Wednesday, July 26, 2017

Tale 5: Chosen Family - Joshua - First Half Revised and Slightly Expanded Draft

Brazilians have Carnivale, New Orleans and the French have Mardi Gras, Russians have Shrovetide, Germans have Schmutziger Donnerstag, Sweden has Semla, Lithuana has Uzhgavenes, Indians have Holi and Duwale, Iranians have Norwuz, Japanese have Higan. Every corner of the world seems to have a Vernal Equinox Festival whose origins predate Purim by hundreds of centuries. Drinking, dancing, dressing, a bacchanale of life to usher in the new spring's regeneration when the noumenal world of No End becomes so full of light and essence that it has to contract some of its enduring majesty into empty space so that, in a divine leap, the shattered, phenomenal realm of sense and sensibility can grow in the hope that some essence of it can yet again leap back to the world of no end. 

"For fuck's sake don't bring your friends to this."

"Nu? Why not?"

"It just encourages Tateh. Nu?"

Every weeknight after mishpocheh dinner, they'd talk for a few hours in the Katz basement, and she now spoke to in secret to her secret best friend more than to any school friend, not a secret for her sake, but a secret for his. Even with their family's detente, how would his mishpocheh react to knowing that Simcha was spending every free moment in the almost windowless basement of an halakhic shiksa. Meanwhile, Kristina had taken up with a thirty-two year old junior professor at Berkeley named Dan Krentzman and was rarely seen around the house anymore. 

Bethany loved Simcha, just as she did all her friends, she just wasn't sure she could stand him. He seemed to think nothing of being so cynical, so stubborn, so argumentative. He acted as though making fun of everything she loved was the most generous thing in the world a person could do for his or her friends. And he more negative he was, the more need she felt to court his approval. She couldn't stand him for making her seek his approval, she couldn't stand herself for needing him to support her, and she couldn't stand him again for making her feel the need to be supported by him. And yet she loved him, as though there was instant understanding of the rules of a game that was as utterly strange to her as it was completely familiar to him. Her inner irritation at him was unlike anything she'd ever known, and gnawed into her intestines like termites to trees. For the first time in her life, she had to confront that not only did she disapprove of someone she loved, but that this person may disapprove of her too, yet still love her back. Around Simcha, from Simcha, because of Simcha, love was suddenly intermingled with dread, pettiness, anger, belittlement, cynicism. Would love, could love, ever feel the same again?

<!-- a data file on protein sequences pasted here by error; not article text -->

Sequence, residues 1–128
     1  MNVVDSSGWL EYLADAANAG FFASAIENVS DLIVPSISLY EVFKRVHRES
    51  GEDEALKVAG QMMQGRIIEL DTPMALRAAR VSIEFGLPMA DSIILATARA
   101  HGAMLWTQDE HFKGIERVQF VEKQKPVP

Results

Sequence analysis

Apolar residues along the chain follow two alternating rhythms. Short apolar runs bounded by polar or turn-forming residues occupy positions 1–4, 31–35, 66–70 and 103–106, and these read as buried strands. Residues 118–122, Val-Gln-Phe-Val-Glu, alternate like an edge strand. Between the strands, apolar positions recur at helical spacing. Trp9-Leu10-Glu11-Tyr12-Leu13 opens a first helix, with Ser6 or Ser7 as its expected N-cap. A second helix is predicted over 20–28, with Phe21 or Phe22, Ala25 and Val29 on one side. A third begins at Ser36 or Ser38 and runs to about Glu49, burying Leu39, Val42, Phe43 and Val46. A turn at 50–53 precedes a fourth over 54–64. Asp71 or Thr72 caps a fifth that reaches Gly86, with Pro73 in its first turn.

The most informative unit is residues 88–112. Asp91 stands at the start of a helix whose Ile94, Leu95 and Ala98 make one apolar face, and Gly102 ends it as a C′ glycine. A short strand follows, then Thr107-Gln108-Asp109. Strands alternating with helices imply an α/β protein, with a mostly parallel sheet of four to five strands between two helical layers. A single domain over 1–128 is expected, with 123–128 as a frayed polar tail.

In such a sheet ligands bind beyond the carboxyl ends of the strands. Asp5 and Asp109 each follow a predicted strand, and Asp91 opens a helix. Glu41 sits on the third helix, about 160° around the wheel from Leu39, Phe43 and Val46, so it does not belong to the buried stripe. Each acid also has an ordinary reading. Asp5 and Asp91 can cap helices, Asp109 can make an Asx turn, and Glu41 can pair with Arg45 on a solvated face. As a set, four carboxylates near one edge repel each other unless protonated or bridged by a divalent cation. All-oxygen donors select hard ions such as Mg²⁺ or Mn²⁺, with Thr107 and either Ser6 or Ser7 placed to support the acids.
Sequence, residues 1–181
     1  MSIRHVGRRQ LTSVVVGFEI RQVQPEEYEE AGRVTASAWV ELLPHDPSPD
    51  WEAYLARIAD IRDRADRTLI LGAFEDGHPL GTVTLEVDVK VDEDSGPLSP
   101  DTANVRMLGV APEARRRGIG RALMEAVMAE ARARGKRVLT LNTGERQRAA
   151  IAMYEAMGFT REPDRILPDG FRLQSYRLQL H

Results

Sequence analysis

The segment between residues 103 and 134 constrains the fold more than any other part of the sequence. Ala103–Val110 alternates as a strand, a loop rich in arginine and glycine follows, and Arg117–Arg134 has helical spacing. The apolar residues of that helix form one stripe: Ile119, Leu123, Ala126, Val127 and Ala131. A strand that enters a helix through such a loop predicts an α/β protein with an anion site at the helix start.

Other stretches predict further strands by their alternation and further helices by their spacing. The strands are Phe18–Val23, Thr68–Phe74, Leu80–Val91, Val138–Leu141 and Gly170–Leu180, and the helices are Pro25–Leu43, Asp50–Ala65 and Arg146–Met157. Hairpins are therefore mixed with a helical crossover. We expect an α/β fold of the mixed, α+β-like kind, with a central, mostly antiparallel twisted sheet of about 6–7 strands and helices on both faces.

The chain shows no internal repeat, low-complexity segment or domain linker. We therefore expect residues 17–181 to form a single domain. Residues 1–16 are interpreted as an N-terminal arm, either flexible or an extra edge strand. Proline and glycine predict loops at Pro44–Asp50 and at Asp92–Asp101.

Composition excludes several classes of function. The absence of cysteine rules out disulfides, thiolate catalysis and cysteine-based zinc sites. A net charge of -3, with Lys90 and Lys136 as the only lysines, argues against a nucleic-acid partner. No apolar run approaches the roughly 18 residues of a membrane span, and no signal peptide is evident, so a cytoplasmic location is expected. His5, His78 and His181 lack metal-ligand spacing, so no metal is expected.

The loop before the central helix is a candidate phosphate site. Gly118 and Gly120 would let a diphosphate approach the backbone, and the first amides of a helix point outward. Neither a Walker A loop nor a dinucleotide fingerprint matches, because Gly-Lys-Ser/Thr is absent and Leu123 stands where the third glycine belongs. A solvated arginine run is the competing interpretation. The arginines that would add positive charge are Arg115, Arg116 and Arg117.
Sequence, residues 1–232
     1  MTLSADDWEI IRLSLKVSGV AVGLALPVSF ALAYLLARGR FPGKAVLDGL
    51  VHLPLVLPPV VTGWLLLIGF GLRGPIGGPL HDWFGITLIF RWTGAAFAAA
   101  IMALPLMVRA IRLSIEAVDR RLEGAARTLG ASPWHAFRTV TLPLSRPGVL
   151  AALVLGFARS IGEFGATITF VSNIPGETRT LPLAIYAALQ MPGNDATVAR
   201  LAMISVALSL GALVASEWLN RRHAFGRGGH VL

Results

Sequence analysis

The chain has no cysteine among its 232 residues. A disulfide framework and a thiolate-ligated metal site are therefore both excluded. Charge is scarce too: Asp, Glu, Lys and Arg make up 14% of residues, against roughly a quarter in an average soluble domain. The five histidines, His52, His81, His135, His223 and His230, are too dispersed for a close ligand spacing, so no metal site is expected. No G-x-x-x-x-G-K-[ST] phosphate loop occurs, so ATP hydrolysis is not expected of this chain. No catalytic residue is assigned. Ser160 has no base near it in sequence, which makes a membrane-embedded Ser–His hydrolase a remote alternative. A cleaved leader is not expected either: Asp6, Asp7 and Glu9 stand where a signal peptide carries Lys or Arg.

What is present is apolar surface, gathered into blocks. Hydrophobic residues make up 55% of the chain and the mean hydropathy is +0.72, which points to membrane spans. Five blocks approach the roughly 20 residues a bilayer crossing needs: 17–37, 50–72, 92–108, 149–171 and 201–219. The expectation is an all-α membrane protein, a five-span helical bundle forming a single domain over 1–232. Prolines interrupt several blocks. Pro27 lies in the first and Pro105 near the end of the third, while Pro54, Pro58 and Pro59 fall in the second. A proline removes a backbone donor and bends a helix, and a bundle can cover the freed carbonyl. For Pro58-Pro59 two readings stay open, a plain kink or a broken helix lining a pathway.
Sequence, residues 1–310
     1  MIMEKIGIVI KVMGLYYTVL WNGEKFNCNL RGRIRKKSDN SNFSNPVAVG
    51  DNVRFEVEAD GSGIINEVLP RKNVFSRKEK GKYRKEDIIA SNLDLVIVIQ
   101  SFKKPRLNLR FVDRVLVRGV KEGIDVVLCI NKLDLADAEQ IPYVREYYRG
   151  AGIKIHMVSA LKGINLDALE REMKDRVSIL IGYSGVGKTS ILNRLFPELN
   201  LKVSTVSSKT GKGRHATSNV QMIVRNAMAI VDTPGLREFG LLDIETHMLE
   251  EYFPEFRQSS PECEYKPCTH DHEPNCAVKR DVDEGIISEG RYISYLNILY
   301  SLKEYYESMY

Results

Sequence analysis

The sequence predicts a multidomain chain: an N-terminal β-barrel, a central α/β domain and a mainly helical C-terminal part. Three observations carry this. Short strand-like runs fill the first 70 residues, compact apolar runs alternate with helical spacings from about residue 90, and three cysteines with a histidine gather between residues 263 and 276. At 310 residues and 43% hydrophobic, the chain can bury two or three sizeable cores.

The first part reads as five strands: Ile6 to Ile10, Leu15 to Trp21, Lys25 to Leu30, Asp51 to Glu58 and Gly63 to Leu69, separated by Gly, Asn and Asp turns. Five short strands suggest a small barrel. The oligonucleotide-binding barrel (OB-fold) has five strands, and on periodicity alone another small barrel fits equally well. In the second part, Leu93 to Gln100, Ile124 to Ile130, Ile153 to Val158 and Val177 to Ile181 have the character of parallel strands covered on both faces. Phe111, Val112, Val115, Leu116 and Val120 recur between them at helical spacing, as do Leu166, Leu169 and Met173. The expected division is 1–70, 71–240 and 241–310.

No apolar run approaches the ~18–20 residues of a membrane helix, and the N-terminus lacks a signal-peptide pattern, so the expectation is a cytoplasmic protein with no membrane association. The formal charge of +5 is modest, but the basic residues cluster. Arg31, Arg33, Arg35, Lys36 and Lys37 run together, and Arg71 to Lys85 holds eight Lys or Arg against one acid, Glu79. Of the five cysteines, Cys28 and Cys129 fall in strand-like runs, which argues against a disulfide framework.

"He wants to make a scene. He wants the whole city to see this and know we're here. Nu?"

"But it's gonna be fun!"

"Nu? Who cares? It's just going to end badly for everyone. Nu?"

Pessimism was a responsibility to Bethany, not a state of being. If another person was sad, they needed to be cheered; if she was sad, she required a person to cheer. Her kishkes had the urge to leave every person and place more luminous than she found them in her DNA. But even Simcha's brighter moods seemed tinged with a bitterness she neither understood nor fathomed. She didn't resent him for this, she respected his right to feel any way he liked, how else could she cheer him up? But about precisely what did Simcha have cause to be so aggrieved as all that? It was simply a source of fascinated speculation. Yes, he was deformed and alienated, though nowhere near to the extent he thought was. He had a loving family, a God in which his faith was unshakeable, and such a God certainly knew he was not lacking for self-belief. 

In any event, Simcha wouldn't let her know why he seemed to think everything she suggested would end in catastrophe. "Don't get mixed up with Ian Greyling, nu? He's an erotoman and a shikker!" "Nu, don't invite your yenta friends too often while I'm here. They don't like me nu? and I wouldn't like them if I knew them better." "Nu, all your other friends play at being korvehs, but Kristina's the real thing! Nu?" When they first began hanging out, she would ask him, almost annoyed that he never made the transition, to translate these unfamiliar words that he spoke as though this linguistic porridge was all the same language. But the more she heard them, the more she realized she could guess infallibly. There was an onomatopoetic quality to all those weird Jewish words you never got from all those other languages of which she taught herself as much as her exchanged houseguests would let her. But whereas Kristina spoke a language which seemed to have a word for everything, Simcha's language seemed to have an infinity of words that seem to precisely mean only themselves. 

Simcha replaced Kristina as her confessor, and she was his replacement for Talmud which he studied with the insatiate curiosity of a Talmid Khakham, and asked the most pointed, personal questions of and about her, the friends of hers he disliked, the family she thought she knew until he demanded details of her background she neither knew nor thought her parents did. Being the perfect daughter of a doctor and a minister as she was, Bethany could not be more concerned with healing the world  if she tried, but she seemed to know innately that mysteries do not exist to be solved. The fact that some essential details of life were beyond here ministrations did not trouble her. But for Simcha, the mysteries of people seemed to exist only to be divined. The universe in all its microscopic majesty was a tree growing citruses to be squeezed, a sea with oysters to be slurped. Wouldn't he be happier if he didn't want to know so much about everybody?

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